Europeans ready to quit banks over out-of-date technology

Europeans ready to quit banks over out-of-date technology

As they increasingly bank online and through their mobiles, many Europeans say that they would leave providers that do not offer up-to-date technology, a survey from Fujitsu shows.

The survey of 7000 people shows that convenience is king - and this means that customers are turning their backs on traditional banking channels and payment methods in favour of easier digital alternatives.

Online banking is the most popular channel across Europe, with three in four using it at least once a week. Nearly two thirds use self-service ATMs every week, while more than half use their bank's mobile app. Nearly 40% deal with their bank weekly via social media, although there is greater disparity between countries, with the channel very popular in Eastern Europe but far less so in the UK.

In contrast, only 35% interact with their bank weekly through the branch and 36% through the telephone.

And customers predict that the trend will continue, saying that they expect to use the branch, phone and post less to deal with their bank in five years time, but online, mobile and social more.

With digital services so valuable to customers, 37% of respondents say they would move from their bank or insurer if it didn’t offer up-to-date technology to aid interaction.

These customers may not be going to traditional banking rivals, with nearly a fifth of those quizzed saying that they would buy banking or insurance services from challengers such as Google, Facebook and Amazon.

However, the willingness of customers to buy services from non-traditional providers could also prove a boon for FS firms. Around a third of consumers are enthusiastic about purchasing home energy, data storage, broadband or mobile contracts from their bank or insurer.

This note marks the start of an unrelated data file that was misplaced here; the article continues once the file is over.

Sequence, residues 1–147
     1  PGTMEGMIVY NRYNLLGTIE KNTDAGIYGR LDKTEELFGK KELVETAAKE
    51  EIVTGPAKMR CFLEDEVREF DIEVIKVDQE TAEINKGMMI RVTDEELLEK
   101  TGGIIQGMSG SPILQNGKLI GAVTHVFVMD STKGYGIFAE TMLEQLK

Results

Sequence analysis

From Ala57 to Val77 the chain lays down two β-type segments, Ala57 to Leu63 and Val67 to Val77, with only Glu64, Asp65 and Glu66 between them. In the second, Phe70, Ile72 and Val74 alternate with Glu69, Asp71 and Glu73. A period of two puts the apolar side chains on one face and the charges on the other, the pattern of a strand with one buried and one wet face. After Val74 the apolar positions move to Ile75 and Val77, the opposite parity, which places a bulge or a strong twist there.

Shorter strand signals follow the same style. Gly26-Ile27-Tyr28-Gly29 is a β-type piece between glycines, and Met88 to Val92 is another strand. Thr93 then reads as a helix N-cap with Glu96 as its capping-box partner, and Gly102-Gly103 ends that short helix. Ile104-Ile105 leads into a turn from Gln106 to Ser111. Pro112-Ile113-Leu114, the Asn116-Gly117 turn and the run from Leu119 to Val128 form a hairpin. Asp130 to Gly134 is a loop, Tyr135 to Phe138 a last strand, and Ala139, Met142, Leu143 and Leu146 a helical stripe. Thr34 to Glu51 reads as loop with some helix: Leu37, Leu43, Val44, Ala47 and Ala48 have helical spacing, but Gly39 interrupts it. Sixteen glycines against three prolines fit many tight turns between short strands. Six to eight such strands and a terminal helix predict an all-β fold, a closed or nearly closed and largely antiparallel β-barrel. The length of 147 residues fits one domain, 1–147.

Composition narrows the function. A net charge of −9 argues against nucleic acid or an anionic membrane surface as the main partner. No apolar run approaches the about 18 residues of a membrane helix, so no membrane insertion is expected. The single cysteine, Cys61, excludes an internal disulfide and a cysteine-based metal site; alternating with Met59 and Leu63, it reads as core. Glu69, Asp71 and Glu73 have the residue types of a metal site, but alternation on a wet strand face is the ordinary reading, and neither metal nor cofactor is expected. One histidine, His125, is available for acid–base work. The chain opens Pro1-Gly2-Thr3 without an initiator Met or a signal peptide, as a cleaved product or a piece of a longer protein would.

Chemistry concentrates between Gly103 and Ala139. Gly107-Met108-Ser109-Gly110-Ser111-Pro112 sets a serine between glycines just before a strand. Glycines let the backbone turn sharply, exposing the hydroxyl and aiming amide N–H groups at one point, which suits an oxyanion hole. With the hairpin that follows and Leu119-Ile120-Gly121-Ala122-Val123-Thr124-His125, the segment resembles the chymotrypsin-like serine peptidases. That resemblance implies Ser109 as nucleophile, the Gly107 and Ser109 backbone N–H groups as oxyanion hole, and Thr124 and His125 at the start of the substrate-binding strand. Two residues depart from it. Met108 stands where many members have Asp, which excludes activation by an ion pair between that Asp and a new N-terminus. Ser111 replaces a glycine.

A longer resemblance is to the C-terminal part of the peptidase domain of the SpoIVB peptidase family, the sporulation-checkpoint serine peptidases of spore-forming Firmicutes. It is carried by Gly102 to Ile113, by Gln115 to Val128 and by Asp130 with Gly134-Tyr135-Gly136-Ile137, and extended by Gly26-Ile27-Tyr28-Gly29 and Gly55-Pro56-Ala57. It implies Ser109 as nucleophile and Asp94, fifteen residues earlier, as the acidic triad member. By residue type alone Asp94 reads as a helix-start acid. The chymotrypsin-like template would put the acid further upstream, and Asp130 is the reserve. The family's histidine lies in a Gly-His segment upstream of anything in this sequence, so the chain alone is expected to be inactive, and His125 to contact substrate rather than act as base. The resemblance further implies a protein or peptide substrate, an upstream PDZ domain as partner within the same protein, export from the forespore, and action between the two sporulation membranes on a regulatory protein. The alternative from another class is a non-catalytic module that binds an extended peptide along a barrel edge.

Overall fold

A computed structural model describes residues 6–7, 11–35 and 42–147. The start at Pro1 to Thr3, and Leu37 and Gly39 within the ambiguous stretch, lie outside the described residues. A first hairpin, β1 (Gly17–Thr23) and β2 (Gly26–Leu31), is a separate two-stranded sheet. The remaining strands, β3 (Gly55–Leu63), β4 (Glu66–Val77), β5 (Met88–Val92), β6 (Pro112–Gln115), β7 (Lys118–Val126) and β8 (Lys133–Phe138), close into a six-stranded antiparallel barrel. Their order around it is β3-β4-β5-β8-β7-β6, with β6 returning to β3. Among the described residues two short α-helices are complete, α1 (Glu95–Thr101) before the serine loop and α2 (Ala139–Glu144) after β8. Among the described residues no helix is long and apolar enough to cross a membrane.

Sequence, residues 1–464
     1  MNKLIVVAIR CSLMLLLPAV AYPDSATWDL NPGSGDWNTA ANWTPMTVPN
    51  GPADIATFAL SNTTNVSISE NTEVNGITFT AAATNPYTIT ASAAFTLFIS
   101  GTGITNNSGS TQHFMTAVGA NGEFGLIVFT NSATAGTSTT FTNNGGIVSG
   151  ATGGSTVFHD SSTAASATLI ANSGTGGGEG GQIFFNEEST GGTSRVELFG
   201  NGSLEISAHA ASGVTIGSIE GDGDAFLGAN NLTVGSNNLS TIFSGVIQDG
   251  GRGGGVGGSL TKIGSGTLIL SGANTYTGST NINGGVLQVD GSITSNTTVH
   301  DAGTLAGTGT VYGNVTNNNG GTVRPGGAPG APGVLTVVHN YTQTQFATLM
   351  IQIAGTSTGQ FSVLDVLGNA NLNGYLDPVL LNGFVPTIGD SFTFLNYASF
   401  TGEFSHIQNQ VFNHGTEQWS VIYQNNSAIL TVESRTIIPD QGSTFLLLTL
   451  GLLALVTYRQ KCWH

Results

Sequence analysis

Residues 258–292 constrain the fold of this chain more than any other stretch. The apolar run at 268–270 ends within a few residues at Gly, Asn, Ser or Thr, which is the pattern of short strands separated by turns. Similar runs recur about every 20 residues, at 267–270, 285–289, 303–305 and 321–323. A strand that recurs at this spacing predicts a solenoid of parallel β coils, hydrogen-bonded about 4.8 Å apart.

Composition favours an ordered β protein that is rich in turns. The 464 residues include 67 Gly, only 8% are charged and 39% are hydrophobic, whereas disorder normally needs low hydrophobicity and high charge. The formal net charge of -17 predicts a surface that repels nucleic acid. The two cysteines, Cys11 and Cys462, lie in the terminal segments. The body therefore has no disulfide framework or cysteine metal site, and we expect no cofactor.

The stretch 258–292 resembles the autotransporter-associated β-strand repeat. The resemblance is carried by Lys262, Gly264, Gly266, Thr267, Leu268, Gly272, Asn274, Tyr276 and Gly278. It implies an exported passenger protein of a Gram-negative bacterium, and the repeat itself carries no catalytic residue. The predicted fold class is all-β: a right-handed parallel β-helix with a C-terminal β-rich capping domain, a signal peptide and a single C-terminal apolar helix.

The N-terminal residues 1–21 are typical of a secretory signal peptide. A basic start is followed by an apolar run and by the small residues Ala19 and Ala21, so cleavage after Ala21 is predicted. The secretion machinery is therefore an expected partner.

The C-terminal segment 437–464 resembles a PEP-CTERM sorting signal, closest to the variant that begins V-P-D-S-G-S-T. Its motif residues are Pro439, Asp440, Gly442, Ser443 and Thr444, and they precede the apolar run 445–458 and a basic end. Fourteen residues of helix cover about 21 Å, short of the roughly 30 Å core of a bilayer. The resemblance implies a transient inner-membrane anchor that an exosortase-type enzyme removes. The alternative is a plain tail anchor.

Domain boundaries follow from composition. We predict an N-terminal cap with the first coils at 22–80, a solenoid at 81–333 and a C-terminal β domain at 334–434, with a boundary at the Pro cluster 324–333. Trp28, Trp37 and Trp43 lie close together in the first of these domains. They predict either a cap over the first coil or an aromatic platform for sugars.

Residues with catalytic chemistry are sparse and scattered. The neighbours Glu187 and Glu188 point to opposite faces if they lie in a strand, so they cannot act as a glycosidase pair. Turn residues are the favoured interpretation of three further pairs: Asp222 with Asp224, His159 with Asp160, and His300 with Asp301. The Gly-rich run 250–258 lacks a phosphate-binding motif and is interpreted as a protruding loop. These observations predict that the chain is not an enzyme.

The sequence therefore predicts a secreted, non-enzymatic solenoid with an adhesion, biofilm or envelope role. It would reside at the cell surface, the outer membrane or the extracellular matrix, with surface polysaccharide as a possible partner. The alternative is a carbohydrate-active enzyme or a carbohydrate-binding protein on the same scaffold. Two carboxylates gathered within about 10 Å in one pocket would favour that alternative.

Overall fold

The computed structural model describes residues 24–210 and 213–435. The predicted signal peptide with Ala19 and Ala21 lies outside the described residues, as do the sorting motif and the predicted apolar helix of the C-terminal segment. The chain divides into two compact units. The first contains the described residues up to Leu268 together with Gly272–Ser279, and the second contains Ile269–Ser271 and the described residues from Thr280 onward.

When it comes to payments, nearly a third of Europeans are embracing their mobile phones, with a fifth even using wearables and crypto-currencies for purchases. More than three quarters use an online payments system such as PayPal and 42% use contactless cards. However, cash remains stubbornly popular, used daily by 44% of respondents.

Attitudes to innovation have also seen a change in mindset on data sharing. Across Europe, 97% say they are happy for banks or insurers to use their data to offer them a wider range of services. Almost three in five are happy for their provider to use their data to lower mortgage premiums, nearly half to recommend relevant products and services, and 44% to keep them informed of their spending habits and offer relevant advice.

Francois Fleutiaux, head, sales, Emeia, Fujitsu, says: "Today’s customers are no longer guarded. When it makes interaction more convenient they are willing to embrace innovation. They may not know where they need it until it is offered, but this is where technology comes to the fore - it is the engine that is driving consumer expectations forward and the financial services sector has to live up to this new pace of change."

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